Robotic resection of a pancreatic tail tumor resulting in an intrapancreatic accessory spleen

Alexander Ramirez, MD, Wade G Douglas, MD, FACS. Tallahassee Memorial HealthCare, Florida State University College of Medicine

Introduction: Accessory spleen has been reported in about 30 % of autopsy studies (1) and until 65% of patients after splenectomy (2). The tail of the pancreas is the second most common location of accessory spleen (1). It is very important to identify the intrapancreatic accessory spleen without invasive diagnostic tests because there are few real indications for surgical resection (3). Intrapancreatic accessory spleen has rarely been noted radiologically before surgery and when there is concern about the differential diagnosis, especially with very high vascular tumors, surgical resection is indicated.

Case report: We presented a case of a 33 year-old male with a history of recent cholecystectomy that developed nausea and vomiting a few days after being discharged from the hospital. He was seen in the Emergency Room for these symptoms and a CT scan of the abdomen and pelvis revealed a 2.9 cm solid tumor in the tail of the pancreas (Figure 1, 2). The patient denied fatigue, diarrhea, hypoglycemic or syncopal episodes. All the endocrine markers were negative and the patient was scheduled for a robotic distal pancreatectomy and splenectomy.

The procedure was done robotically and during the procedure we used the laparoscopic ultrasound probe to identify the location of the pancreatic mass (Figure 3) and to confirm the total resection after the distal pancreatectomy was performed (Figure 4). The patient had an uneventful post operative period and was discharged home in the post operative day 2 in stable condition.  The pathology report shows a 2.5 x 2.x2 cm accessory spleen involving the parenchyma of the tail of the pancreas (Figure 5).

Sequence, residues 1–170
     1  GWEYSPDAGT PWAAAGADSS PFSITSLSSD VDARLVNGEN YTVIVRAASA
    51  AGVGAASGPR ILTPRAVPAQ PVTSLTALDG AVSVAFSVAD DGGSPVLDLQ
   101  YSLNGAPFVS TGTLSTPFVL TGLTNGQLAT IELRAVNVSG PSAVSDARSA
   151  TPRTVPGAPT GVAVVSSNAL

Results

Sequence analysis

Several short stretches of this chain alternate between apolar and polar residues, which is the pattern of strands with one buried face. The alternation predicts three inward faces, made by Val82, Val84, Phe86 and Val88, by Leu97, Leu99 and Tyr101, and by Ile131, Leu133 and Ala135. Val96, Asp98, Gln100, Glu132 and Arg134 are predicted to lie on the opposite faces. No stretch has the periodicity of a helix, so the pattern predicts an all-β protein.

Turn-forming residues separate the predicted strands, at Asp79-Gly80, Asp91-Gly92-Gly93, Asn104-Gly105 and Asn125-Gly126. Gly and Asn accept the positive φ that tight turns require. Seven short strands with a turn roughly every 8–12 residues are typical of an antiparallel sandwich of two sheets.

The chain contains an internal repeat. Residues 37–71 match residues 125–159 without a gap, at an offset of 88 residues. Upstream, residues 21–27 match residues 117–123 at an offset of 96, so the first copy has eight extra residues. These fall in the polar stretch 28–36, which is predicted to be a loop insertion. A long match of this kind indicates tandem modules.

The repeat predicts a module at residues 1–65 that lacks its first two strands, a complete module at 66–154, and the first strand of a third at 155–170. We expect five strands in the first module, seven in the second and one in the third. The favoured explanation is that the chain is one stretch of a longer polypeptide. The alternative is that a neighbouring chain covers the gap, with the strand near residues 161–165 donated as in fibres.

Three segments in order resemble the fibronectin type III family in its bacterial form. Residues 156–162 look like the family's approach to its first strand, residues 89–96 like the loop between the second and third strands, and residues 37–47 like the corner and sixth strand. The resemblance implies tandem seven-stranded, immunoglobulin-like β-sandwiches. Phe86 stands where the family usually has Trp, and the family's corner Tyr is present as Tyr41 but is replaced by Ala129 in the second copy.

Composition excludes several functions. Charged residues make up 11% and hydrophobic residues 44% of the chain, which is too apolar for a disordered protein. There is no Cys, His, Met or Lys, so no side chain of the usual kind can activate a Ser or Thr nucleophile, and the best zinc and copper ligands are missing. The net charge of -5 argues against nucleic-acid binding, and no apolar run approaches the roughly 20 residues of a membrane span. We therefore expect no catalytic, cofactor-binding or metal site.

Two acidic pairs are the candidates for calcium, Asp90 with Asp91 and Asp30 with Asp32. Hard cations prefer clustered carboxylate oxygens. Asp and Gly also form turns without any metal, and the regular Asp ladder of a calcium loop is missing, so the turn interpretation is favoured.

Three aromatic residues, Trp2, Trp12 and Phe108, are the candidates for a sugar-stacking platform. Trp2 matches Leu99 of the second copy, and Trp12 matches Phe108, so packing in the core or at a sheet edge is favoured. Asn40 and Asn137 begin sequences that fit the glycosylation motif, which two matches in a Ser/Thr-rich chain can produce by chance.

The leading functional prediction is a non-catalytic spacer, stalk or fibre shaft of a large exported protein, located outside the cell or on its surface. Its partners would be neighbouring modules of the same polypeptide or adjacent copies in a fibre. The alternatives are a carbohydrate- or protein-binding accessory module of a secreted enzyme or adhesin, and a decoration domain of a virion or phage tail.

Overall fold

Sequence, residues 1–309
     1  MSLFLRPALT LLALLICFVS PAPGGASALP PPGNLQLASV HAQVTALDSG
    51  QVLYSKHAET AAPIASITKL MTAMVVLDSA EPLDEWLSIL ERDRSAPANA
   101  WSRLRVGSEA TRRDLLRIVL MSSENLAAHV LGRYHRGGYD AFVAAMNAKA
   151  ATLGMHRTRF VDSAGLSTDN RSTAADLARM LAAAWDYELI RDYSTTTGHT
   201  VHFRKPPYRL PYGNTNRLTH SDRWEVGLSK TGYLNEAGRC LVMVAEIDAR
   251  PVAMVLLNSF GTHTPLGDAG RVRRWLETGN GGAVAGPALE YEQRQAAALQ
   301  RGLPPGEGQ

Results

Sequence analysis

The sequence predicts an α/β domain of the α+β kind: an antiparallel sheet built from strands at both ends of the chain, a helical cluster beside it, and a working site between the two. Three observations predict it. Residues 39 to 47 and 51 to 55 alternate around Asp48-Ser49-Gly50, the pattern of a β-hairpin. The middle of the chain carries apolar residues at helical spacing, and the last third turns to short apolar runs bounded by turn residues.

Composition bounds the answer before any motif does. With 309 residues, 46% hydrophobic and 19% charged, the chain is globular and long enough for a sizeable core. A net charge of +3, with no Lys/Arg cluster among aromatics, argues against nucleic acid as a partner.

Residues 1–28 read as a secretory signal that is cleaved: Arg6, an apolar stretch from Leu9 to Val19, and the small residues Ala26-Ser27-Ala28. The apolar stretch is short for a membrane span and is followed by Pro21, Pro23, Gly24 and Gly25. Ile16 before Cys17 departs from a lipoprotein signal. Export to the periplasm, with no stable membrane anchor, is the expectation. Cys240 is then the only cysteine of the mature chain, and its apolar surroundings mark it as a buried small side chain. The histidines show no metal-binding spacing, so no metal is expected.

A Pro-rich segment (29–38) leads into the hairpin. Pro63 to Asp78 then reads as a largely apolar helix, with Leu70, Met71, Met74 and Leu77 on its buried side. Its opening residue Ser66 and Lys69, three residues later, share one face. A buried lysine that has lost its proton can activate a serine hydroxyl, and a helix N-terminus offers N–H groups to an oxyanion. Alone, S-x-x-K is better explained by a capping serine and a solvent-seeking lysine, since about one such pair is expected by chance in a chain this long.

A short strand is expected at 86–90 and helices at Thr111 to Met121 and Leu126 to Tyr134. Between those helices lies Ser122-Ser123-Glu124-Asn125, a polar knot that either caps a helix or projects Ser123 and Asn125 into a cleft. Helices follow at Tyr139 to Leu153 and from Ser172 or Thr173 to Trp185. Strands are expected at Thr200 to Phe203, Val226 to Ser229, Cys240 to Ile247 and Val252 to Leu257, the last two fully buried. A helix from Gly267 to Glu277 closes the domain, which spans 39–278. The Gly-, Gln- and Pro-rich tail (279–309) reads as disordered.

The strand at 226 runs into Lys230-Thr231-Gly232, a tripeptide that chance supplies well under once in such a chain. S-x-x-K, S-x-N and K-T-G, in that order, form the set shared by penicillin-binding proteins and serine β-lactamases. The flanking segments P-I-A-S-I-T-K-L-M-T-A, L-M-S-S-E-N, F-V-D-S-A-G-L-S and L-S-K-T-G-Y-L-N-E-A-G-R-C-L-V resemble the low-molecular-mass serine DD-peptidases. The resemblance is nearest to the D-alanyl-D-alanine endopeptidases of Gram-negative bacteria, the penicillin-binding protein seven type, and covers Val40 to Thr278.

Conclusion: Intrapancreatic accessory spleens can radiographically mimic a malignant process. Surgery with pathology evaluation of the specimen is the only reliable means of diagnosis. This surgical procedure can be done laparoscopically or robotically  in a safe way. While intrapancreatic accessory spleen is a very rare condition, it is an important component of a complete differential diagnosis for a patient presenting with a pancreatic tail tumor.

References

1.Halpert B, Gyorkey F. Lesions observed in accessory spleens of 311 patients. Am J Clin Pathol.1959;32:165–168.

2.Eraklis AJ, Filler RM. Splenectomy in childhood: a review of 1413 cases. J Pediatr Surg.1972;7:382–388.

3. Kurmann A, Michel J, Stauffer E. Egger B. Intrapancreatic Accessory Spleen Misdiagnosed as a Nonsecreting Endocrine Tumor: Case Report and Review of the Literature. Case Rep Gastroenterol. 2010 May-Aug; 4(2): 210–214.

Abdominal CT scan showing Pancreatic TumorAbdominal CT scan Coronal view of Pancreatic TumorLaparoscopic US view of Pancreatic TumorLaparoscopic US view after resectionMicroscopic view of Intrapancreatic Accessory Spleen

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